by James A. Bacon
Transportation Secretary Aubrey Layne gave yesterday a detailed timeline of the events leading up to the suspension of work on the U.S. 460 Connector after the expenditure of nearly $300 million. “From a taxpayer standpoint, there is no good explanation for why we are here today,” he told the Commonwealth Transportation Board at its May meeting.
I did not attend the meeting, so I provide no first-hand reporting, as I usually have on this issue. I rely here upon the reporting of Cathy Grimes with the Daily News and a PowerPoint presentation bearing the name of Layne and Virginia Highway Commissioner Charlie Kilpatrick that is posted on the CTB website.
Without naming specific names, Layne placed blame yesterday on “the executive branch” of the McDonnell administration for pushing the project forward despite warnings from the U.S. Army Corps of Engineers that the proposed route for the 55-mile, Interstate-quality highway would impact roughly 500 acres of wetlands.
“The initial decision was driven by the executive branch. … There were extraordinary efforts made to get this contract closed,” Layne said. “This road was being driven hard, and the administration wanted it as soon as possible, so that was a key negotiating tactic, to front-load the contract. … Everything was geared up to get the project done as quickly as possible. … That push to get that road, that’s where we find ourselves with this amount of money out of pocket.”
While Layne’s account provides more detail than was available before, it leaves key questions unanswered, particularly, which individuals were responsible for the chain of events that put taxpayers at risk for losing $300 million. Here are key elements of the timeline:
- December 2012: The state executes a comprehensive agreement and design-build contract with 460 Mobility Partners for the project, to be financed with $904 million in highway funding, $250 million from the Virginia Port Authority, and $240 million in tax-free bonds.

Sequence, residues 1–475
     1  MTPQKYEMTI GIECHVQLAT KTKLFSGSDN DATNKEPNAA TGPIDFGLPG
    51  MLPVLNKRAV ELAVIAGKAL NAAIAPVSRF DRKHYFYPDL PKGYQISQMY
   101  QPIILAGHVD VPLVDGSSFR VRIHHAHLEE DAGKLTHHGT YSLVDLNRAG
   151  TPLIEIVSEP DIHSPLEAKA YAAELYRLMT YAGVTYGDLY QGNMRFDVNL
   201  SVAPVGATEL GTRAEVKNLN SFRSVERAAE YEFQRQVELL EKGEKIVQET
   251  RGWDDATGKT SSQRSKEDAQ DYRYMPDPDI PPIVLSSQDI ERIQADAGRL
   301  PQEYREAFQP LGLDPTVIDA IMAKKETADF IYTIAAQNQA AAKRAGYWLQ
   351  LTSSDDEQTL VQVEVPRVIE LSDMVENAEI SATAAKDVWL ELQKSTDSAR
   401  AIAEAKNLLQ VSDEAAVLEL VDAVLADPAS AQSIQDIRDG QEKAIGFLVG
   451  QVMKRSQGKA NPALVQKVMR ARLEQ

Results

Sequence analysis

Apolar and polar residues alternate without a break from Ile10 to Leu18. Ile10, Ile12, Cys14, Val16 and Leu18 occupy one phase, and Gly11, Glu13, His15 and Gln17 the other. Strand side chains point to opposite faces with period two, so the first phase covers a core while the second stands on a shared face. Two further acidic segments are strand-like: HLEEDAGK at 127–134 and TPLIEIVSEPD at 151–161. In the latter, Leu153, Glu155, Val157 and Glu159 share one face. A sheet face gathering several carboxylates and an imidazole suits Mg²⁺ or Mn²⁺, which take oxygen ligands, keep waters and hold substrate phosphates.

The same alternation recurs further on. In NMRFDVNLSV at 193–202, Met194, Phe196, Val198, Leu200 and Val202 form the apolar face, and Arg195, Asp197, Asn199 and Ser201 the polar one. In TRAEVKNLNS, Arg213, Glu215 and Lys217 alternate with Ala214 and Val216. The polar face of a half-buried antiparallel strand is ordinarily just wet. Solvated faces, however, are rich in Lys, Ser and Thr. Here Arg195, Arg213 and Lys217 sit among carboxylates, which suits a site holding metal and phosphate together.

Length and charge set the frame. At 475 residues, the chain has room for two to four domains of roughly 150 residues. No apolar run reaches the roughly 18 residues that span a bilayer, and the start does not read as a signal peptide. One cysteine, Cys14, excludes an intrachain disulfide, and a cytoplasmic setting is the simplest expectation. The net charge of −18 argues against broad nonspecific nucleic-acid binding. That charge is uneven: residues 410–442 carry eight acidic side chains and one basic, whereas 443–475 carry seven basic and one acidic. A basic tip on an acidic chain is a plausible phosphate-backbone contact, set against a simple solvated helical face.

- Spring-summer 2013: Design work commences; a wetlands survey is undertaken; the McDonnell administration pushes to advance “work packages” in the contract.
- September 2013: VDOT submits a preliminary permit application to the Army Corps regarding impact on 486 acres of wetlands. The Army Corps indicates that additional environmental reviews are needed.
- Fall 2013: The administration presses VDOT to buy right-of-way and “move dirt” in areas not subject to Army Corps approval.
- Fall 2013: The administration and VDOT bring in an environmental consultant.
- December 2013: VDOT, the Army Corps and the Federal Highway Administration negotiate a scope of Supplemental Environmental Impact Statement (SEIS)
- December 2013: SEIS effort reviews alternative routes; while process is underway, federal funds cannot be used for construction in the corridor.
- January 2014: The newly installed McAuliffe administration directs VDOT to limit work order under contract to work related to the Army Corps permit.
- February-March 2014: Field work reveals that mitigation efforts on previously selected corridor will yield only minimal reductions to wetland impact.
- March 2014: The McAuliffe administration stops work on the project.
Bacon’s bottom line: Layne has studiously avoided naming names when attributing blame for the extraordinary measures taken by the McDonnell administration to push through the 460 project. He was, after all, deeply involved in the project himself, both as a Hampton Roads representative to the CTB advocating the project and as head of the U.S. 460 Funding Corporation set up to sell the bonds. There is no indication that he was involved in making the decisions that put $300 million of state funds at risk. My sense is that he’s a decent, honest guy who wasn’t privy to the decisions that were made and that he is as dismayed as anyone by what he discovered when he became transportation secretary. But I’m also guessing that he is walking a tightrope — he does not want to implicate his former friends and allies if he can avoid doing so.
However, it is important to know not only what decisions were made but who made them. To what degree was former Transportation Secretary Sean Connaughton responsible for pushing the project forward despite ample warnings from the Army Corps that it had issues with the proposed route? Did Connaughton bring former Governor McDonnell into the loop — was the then-governor aware of the risks? Conversely, did the governor pressure Connaughton to finish the job quickly? In other words, was Connaughton following orders? Did senior VDOT staff raise objections to the ramrod approach to getting the road built, or were they on board? Specifically, what was the role of Kilpatrick, who served as deputy VDOT commissioner during the last days of the McDonnell administration and now is Numero Uno at VDOT?
To my mind, U.S. 460 is the biggest scandal of the McDonnell administration, not GiftGate, because it entailed unnecessarily putting at risk $300 million in public dollars. The public has a right to know whom to hold responsible. The scandal should be a political career-ender for some one — we just don’t know whom.There are currently no comments highlighted.